We cannot agree with appellants' interpretation of the deed. [1] It has long been the rule that in construing deeds "the true intent and purpose of the maker must be ascertained by a consideration of the whole instrument, not of detached clauses." (Schroeder v. Wilson, 89 Cal. App. 2d 63 [200 P.2d 173]; Pio Pico v. Coleman, 47 Cal. 65, 67; [111 Cal. App. 2d 823] Whitcomb v. Worthing, 30 Cal. App. 629, 631 [159 P. 613].) [2] Examining the deed here in question in light of the rule as stated, it is readily apparent that Bidwell, by the particular language used, manifested a clear intent to convey the entire parcel including all of his right, title and interest therein to the grantee subject to the right of the grantor or his successors to enter and terminate the same in the event of the violation of any of the conditions therein set forth. Any other interpretation would render meaningless the provisions contained in the deed against the erection of buildings, against the sale of intoxicating liquor, against the cutting of timber or clearing the land and against the commission of waste. Obviously such restrictions were not intended to apply only to that portion of the land exclusively used for a roadway.

Thus it appears that Bidwell by the specific conditions expressed in the deed evidenced a clear intent to reserve to himself and his successors the right to terminate the estate granted upon the breach of any of the expressed conditions. [3] Although conditions subsequent are not favored by the law, that is not to say that such a condition is wholly void but only that something more than mere designation of the subject for which the property is to be used is necessary; that is, such a condition "can be created only by apt and appropriate language." (Fitzgerald v. County of Modoc, 164 Cal. 493 [120 P. 794, 44 L.R.A. N.S. 1229]; see, also, Papst v. Hamilton, 133 Cal. 631, 633 [66 P. 10].)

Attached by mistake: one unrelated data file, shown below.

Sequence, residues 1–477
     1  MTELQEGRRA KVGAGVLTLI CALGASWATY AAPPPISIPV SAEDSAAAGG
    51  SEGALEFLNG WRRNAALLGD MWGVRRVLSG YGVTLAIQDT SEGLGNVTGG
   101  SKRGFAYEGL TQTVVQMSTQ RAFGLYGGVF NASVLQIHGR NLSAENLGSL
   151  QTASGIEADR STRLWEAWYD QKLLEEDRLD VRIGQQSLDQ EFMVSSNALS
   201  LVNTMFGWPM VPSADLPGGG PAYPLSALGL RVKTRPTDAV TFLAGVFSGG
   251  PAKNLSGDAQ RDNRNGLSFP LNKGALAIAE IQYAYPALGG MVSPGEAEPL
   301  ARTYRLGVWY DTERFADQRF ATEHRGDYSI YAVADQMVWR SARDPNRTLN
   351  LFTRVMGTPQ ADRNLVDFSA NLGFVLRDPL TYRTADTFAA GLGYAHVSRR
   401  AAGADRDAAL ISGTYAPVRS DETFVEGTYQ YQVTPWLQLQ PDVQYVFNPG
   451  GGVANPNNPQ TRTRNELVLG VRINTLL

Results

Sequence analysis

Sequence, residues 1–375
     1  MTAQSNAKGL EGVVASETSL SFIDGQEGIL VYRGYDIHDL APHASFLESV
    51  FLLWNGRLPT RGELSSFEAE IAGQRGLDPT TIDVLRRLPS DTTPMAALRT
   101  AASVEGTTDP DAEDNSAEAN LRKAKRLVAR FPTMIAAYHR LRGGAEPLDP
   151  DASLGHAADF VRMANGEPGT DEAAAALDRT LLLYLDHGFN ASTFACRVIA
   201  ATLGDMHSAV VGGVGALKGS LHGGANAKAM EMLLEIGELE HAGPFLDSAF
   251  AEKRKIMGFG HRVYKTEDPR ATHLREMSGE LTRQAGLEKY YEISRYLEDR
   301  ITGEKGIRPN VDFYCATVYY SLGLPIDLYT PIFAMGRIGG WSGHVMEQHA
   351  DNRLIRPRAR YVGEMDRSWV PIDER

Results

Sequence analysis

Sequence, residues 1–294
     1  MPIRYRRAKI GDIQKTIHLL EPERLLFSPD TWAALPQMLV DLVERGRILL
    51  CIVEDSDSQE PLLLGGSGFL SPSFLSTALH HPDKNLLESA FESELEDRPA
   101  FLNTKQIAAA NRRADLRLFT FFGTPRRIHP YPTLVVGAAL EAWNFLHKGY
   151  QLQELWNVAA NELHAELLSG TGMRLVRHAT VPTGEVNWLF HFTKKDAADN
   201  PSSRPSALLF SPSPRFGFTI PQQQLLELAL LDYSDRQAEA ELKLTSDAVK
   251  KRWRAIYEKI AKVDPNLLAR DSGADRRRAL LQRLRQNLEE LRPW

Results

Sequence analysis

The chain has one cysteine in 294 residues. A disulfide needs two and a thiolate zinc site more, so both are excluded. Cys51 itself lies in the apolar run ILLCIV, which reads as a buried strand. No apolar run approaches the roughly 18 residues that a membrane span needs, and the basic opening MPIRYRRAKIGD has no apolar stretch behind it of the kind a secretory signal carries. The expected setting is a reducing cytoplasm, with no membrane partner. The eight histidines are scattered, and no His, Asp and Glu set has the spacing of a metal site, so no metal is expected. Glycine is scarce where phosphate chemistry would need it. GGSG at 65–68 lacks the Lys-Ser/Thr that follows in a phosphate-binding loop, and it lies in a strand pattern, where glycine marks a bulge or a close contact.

[4] It should be noted that "when the grantor conveys the fee simple on condition subsequent, he has no actual estate remaining with him. The grantee takes the entire estate of the grantor, and unless he breaches the conditions is in the same position as an owner in fee simple absolute. The interest of the grantor in such case is not, strictly speaking, a residue of the estate left in him; it is merely a right or power to terminate the estate of the grantee and retake the same, if there is a breach of condition." (Parry v. Berkeley etc. Foundation, 10 Cal. 2d 422, 425 [74 P.2d 738, 114 A.L.R. 562].)

Again turning to the record before us we find it to be wholly barren of any evidence of breach of any of the conditions imposed by the deed or of any evidence that the grantor or his successors entered or terminated the estate for any breach of any condition. [5] It necessarily follows, therefore, that as the property is and has been owned by the [111 Cal. App. 2d 824] county since 1882 neither the original parcel nor its accretions are or have been since that date subject to being acquired by adverse possession (Humboldt County v. Van Duzer, 48 Cal. App. 640, 644 [192 P. 192]), and hence appellants' claim to title by adverse possession is entirely unsupported.

Since the further contentions of appellants are predicated upon the correctness of the issues raised in their first contention, our conclusion in that regard makes unnecessary any consideration of those contentions.

The judgment is affirmed.

Van Dyke, J., and Schottky, J. pro tem., concurred.